Having worked in the law, journalism and numismatics, K.J. Parker now writes and makes things out of wood and metal. Although we can't vouch for the wood and metal, the writing part seems to be going awfully well. Parker's books are simply spectacular: complex, clever, funny and dark.
As long-time (and slightly lunatic) fans, we were delighted to have the opportunity to interview K.J. Parker.
Pornokitsch: Your new book, Sharps, has a lot of breath-taking fencing, but the most intimidating fights are those that involve the iconic 'messer'. How did you plan the fight scenes with this weapon? Is that move actually possible? Do you still have all your fingers?
K.J. Parker: I made a couple of messers (they were supposed to be something else, but that’s what they turned into – at the forge where I play at blacksmithing, we can’t harden and temper blades longer than 22”, which partly explains the preponderance of short swords in the works of K. J. Parker); and when I’d done striking them off and sharpening them, I looked at them and they looked at me, and there, more or less, was the idea for the book.
There’s actually quite a literature on messer combat, including a handbook by Albrecht Durer, and a quite terrifying section in Talhofer, so plotting the moves didn’t require much imagination. The move you have in mind isn’t recorded with the messer in any of the sources I’ve read; it’s well documented in 15th century longsword, where it’s shown as a standard business proposition (though it’s more common to catch the other guy’s blade single-handed; the forte of a longsword would be moving at something around 70mph, faster than a messer because the blade’s longer. Eeek.)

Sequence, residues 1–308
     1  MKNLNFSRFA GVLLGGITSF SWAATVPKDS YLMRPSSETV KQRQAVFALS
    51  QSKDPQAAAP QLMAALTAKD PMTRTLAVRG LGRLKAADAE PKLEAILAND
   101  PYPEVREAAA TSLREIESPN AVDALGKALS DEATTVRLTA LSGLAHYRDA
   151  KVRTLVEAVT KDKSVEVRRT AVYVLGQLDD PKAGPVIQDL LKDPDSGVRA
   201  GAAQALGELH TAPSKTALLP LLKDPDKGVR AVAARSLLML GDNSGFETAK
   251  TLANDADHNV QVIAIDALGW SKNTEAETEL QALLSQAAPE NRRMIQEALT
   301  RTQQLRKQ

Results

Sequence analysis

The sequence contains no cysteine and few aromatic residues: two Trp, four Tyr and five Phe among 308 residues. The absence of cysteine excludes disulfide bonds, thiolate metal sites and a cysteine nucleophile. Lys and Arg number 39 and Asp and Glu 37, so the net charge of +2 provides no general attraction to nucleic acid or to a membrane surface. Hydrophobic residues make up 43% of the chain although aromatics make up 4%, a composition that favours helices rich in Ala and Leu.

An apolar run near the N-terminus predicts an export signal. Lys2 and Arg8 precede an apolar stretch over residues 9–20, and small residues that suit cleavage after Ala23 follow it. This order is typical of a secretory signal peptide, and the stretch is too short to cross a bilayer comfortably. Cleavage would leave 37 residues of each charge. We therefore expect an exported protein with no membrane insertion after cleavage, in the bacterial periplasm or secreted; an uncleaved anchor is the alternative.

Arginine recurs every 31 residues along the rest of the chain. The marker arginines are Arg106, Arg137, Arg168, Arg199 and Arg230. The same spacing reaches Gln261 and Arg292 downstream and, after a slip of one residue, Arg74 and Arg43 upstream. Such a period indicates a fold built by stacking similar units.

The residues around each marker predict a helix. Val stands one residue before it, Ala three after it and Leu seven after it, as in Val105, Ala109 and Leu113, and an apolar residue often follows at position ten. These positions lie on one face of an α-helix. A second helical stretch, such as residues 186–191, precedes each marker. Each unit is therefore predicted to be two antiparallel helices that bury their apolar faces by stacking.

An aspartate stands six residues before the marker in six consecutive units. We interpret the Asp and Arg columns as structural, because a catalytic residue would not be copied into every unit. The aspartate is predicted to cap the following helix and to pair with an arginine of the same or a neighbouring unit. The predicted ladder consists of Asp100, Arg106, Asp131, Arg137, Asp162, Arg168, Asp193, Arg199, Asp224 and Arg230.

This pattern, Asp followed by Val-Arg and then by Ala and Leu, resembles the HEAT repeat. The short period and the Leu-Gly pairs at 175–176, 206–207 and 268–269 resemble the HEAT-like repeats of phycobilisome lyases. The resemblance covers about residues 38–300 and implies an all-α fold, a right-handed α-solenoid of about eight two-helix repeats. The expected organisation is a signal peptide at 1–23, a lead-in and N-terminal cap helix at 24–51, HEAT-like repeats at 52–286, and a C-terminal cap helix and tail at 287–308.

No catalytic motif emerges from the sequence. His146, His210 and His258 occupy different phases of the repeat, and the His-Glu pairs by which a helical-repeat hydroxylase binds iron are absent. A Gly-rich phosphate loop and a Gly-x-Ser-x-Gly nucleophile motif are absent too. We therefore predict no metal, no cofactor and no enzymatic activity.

I still have my full complement of fingers; all twelve of them.
PK: In “The Life and Sad Times of the Western Sword” you describe that, as a “99% pacifist”, swords are your weapon of choice, for “the duellists who died on the points of rapiers... were at least willing participants in their own undoing.” In Sharps, the duellists are all distinctly unwilling, and the volunteers (e.g. Tzimisces) are the ones with dubious motivations. Why should we be suspicious of the un-reluctant?
KJP: I write a lot about conflict, violence and combat because people are more interesting, and usually more themselves, when they’re doing all that stuff. The fencers in Sharps have a conscious, cerebral objection to what they’re made to do, but none of them have motives that would stand too much scrutiny.
I take the view that glorifying violence is the worst kind of pornography. That said, I agree with Arthur Wise that violence is a form of communication; if we can’t or won’t understand what it’s trying to say, we’ll never be rid of it. By the same token, learning the enemy’s language doesn’t mean you start to think like him. A pacifist should be fluent in most major dialects of violence.